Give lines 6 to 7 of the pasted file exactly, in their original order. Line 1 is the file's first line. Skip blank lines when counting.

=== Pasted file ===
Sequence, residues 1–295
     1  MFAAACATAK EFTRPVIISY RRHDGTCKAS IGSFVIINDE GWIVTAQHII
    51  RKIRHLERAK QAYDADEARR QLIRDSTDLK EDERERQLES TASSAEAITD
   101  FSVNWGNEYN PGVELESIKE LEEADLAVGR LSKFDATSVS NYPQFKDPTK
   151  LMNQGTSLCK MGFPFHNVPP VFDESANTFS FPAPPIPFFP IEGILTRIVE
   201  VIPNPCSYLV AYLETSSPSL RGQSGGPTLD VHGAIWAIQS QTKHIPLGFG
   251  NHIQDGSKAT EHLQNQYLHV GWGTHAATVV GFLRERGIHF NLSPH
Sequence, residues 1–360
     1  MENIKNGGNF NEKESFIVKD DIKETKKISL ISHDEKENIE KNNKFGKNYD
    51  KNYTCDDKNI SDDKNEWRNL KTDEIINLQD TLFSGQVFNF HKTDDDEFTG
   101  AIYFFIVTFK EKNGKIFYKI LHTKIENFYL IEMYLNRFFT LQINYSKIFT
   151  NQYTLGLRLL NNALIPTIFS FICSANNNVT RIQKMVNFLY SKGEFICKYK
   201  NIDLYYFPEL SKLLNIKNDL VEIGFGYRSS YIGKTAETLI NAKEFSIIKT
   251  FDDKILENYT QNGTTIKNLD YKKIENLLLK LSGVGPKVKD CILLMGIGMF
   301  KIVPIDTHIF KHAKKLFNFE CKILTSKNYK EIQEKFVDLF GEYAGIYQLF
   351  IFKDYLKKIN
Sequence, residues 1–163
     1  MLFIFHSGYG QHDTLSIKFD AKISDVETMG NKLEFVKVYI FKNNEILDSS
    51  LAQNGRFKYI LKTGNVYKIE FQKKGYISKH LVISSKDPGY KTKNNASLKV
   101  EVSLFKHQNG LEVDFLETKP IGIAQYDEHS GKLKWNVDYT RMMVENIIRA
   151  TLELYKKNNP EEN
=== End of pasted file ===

   201  VIPNPCSYLV AYLETSSPSL RGQSGGPTLD VHGAIWAIQS QTKHIPLGFG
   251  NHIQDGSKAT EHLQNQYLHV GWGTHAATVV GFLRERGIHF NLSPH